Even if we define emotionality as a tendency to allow emotion to influence judgment, it's only one of many factors we might consider in suitability for leadership, and arguably not one of the more important ones. Leadership itself is complex, and comes in a variety of styles. Forbes outlined 10 specific qualities that make a great leader: honesty, ability to delegate, communication, sense of humor, confidence, commitment, and ability to inspire. A CNN piece offered 23, including focus, respect, passion, persuasion abilities, compassion, and integrity, among others. None of these qualities require that one refrain from feeling or showing emotion. In fact, some might benefit from greater emotional savvy. Communication, passion, persuasiveness, and compassion, for example, would be enhanced by an ability to understand and engage others emotionally. So, depending on how we define emotionality, it could be an asset in leadership.

Many of these attributes are relatively rare, and rarer still in combination. Take communication, for example. Most of us can communicate basic ideas and information in everyday settings, but the ability to speak effectively in front of large audiences in high pressure circumstances is much less common. To speak confidently and passionately and persuasively and inspirationally in front of thousands of people is a rarer skill set still, and it doesn't come as a package deal with a Y chromosome and a penis. An array of attributes suitable for effective leadership occurs in a minority of members of any gender.

Emotionality aside, evidence abounds that women can be effective leaders. In their ranking of the world's 50 greatest leaders, Fortune included quite a few females, like Angela Merkel, Aung San Suu Kyi, Christine Lagarde, Maria Klawe, Mary Robinson, Ellen Kullman, Susan Wojcicki, Arati Prabhakar, Juliana Rotich, and Gail Kelly. Some women, at least, can be effective leaders.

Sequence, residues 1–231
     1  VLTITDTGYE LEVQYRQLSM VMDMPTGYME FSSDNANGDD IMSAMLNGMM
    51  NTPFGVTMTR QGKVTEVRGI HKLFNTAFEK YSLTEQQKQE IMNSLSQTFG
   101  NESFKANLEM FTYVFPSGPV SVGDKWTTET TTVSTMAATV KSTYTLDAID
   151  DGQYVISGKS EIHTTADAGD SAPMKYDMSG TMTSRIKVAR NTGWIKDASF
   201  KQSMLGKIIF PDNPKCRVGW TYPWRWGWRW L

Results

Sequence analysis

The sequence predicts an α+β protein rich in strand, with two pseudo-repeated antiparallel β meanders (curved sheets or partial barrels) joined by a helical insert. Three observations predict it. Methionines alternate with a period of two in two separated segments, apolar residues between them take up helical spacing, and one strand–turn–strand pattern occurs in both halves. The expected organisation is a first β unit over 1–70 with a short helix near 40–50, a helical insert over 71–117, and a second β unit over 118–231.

A study recently published in the Journal of International Affairs suggested that female leadership may be advantageous in some conditions. The authors found that, in ethnically diverse countries, female leaders outperform their male counterparts in growing the gross domestic product, a measure of national economic progress. On average, having a female leader was associated with a 6% higher GDP growth rate than having a male leader.

A separate study described at the” target=”_self” title=”study”>Harvard Business Review and MIT News found that teams perform better when they include more women. Author Thomas Malone commented: “The standard argument is that diversity is good and you should have both men and women in a group. But so far, the data show, the more women, the better.” Coauthor Anita Woolley added, “We have early evidence that performance may flatten out at the extreme end—that there should be a little gender diversity rather than all women.”

Not only is female gender not incompatible with effective leadership, it appears that female representation may be advantageous. It should concern us then that Western countries have relatively low female representation in government. Out of 189 countries, the US ranks 83rd, with women comprising less than 20% of government. The UK is ranked 64th and Canada is 54th. Myths and stereotypes about females in leadership may contribute to this imbalanced representation and prevent government from functioning optimally.

The claim that women are too emotional to be effective leaders is beyond absurd when we consider the vast array of human emotions and gender-specific social norms that dictate how we express them, the multitude of qualities of effective leaders, the variation among individuals within a single gender, and the abundance of evidence for the ability of women to lead effectively. It is a worse-than-baseless generalization that may ultimately handicap our leadership. Such claims should make us angry – and not because we're “emotional” or because we belong to a particular gender, but because we're informed, thinking people who care about our country's future.